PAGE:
The incidence of cancer among Israeli men is declining. Since 2012, the percentage of men diagnosed with invasive cancers has been lower than the percentage of women. The change comes after two decades during which the incidence of cancer in men was higher than in women.
This data, which emerged from an analysis of cancer morbidity figures from 1990 to 2014, was presented by the Israel Cancer Association and the Health Ministry on Tuesday in anticipation of the ICA’s Door Knock fundraising campaign next week.
For the past 25 years, the cancer morbidity rate among women has been steady at 275 cases per 100,000; a third of the cases are breast cancer, followed by lung and colon cancer. Among men, the three most common cases are lung, colon and prostate cancer. Around 15 years ago the incidence of cancer diagnosis among men shot up to more than 300 cases per 100,000. It subsequently began to decline, a trend that is still continuing, with the current rate showing 250 incidents of cancer per 100,000 men.
A similar phenomenon can be seen in other countries. According to the United States’ Centers for Disease Control and Prevention, the frequency of cancer among men has dropped over the past 15 years to some 200 cases per 100,000; there was also a decline among women, but it was more moderate.
According to Prof. Lital Keinan-Boker, deputy director of the Israeli Center for Disease Control at the Health Ministry, who presented the findings, the general drop in the incidence of invasive cancers among men is due to dramatic reductions in the frequency of colon and prostate cancers in recent years. The incidence of colon cancer has fallen from 43 cases per 100,000 men to less than 30, while the prostate cancer cases have dropped from 80 per 100,000 men to 40.
“With regard to colon cancer, there is increased awareness, and in 2005 a national program was introduced to screen for occult blood in the stool, with those who tested positive referred for a colonoscopy,” said Keinan-Boker. “We also see a decrease in prostate cancer. In women, however, breast cancer cases have been stable for the past 25 years,” despite increased awareness, public campaigns and better diagnostic tools.
“When you catch colon cancer in time, when it’s still at the precancerous stage, you remove it and prevent it,” explains Prof. Siegal Sadetzki, director of the cancer unit at the Gertner Institute for Epidemiology and Health Policy Research. “With breast cancer, however, when you find it, it’s already there and the hope is to reduce its mortality. Discovering the illness doesn’t reduce the number of cases but improves the chances of treatment and recovery.”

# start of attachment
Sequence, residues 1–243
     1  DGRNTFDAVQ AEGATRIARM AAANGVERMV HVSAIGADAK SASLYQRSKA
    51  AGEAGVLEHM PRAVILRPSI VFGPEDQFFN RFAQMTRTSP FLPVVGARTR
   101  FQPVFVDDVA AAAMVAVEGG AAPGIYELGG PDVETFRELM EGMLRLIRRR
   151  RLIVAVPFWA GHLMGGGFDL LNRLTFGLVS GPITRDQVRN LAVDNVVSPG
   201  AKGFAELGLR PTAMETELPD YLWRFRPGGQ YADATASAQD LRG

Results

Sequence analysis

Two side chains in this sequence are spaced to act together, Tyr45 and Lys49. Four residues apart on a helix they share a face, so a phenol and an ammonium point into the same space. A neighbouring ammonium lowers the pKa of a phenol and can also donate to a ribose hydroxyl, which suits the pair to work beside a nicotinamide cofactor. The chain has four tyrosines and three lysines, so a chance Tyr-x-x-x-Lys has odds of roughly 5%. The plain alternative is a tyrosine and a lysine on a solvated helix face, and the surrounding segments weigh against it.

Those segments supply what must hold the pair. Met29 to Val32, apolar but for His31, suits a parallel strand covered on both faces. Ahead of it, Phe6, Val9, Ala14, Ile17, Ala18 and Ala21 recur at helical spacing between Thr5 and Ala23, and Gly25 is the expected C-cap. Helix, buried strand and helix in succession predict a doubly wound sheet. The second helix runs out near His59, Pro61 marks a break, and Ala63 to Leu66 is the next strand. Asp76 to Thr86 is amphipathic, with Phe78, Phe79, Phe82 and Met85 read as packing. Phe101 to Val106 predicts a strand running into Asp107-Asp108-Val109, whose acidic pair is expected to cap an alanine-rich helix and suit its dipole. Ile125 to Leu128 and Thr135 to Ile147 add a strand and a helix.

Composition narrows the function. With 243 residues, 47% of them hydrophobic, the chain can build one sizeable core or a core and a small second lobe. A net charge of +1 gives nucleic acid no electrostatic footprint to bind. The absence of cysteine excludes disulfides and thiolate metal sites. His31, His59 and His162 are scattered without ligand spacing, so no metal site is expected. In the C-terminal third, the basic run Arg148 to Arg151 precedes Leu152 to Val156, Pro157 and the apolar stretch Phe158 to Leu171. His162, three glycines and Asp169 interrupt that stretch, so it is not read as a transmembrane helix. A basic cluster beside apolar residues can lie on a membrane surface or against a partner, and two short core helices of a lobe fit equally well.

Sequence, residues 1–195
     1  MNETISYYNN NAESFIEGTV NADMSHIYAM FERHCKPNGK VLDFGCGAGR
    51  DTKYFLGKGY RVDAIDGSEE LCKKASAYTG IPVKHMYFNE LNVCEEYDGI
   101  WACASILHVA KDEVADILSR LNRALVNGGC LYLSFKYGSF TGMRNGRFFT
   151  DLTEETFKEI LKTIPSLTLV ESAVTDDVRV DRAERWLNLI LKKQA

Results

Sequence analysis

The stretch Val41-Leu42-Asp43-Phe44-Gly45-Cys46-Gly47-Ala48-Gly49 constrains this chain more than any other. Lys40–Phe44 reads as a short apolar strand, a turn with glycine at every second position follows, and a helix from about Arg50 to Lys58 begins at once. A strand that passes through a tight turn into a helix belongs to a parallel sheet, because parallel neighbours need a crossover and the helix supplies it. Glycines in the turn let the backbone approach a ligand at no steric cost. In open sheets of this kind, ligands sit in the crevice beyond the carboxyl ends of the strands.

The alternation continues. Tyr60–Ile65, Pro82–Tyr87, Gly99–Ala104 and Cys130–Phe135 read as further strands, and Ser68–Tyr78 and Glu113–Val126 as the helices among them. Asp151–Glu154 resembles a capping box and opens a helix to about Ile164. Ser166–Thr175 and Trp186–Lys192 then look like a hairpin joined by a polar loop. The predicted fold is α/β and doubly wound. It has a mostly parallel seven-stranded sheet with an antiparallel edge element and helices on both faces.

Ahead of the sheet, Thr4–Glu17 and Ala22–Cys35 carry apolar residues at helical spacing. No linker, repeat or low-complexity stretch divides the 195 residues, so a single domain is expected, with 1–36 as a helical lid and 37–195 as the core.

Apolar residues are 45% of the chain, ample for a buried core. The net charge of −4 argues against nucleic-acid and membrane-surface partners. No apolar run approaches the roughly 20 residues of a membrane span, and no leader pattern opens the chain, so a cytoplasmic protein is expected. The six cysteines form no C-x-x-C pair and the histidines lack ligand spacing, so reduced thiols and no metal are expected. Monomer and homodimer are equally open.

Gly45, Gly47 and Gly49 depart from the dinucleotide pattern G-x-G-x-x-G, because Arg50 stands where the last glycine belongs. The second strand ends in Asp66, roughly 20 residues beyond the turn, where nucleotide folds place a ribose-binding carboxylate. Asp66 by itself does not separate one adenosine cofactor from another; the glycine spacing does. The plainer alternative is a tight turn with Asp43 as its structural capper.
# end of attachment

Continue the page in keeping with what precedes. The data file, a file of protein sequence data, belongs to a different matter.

She added: “When talking about cancer, it’s hard – if not impossible – to attribute the decrease to any specific factor. Cancer is a disease with many variables. Genetics is also a risk factor although it influences very few tumors – five to 10 percent of them. Most of the risk factors involve the environment and lifestyle.”
Cancer remains Israel’s No. 1 cause of death, and the battle against it continues on all fronts: public information campaigns, examinations, efforts to encourage a healthier lifestyle and medical research. According to statistics presented by Prof. Eliezer Robinson, chairman of the ICA, there are now 284,000 Israelis recovering from cancer. The definition of “recovering” includes essentially anyone who’s been treated for cancer. Sixty percent of the former patients were diagnosed five years ago or more.
“A previous study based on the registration in the central cancer database found that over the past 50 years, the number of cancer patients has quintupled because of longer life expectancy, aging and population growth, and yet the number of those who recover has gone up nine times. In other words, more patients are joining the group of ‘recoverers,’” he said.
According to a new study conducted by Robinson and Prof. Laurence Freedman, head of the Gertner Institute's biostatistics unit, in conjunction with the American National Cancer Institute, the number of Israelis recovering from cancer is expected to grow by more than 10,000 people a year and to reach 329,000 in 2020 and 380,000 in 2024. These numbers represent a far greater increase than the expected natural increase of Israel’s population.
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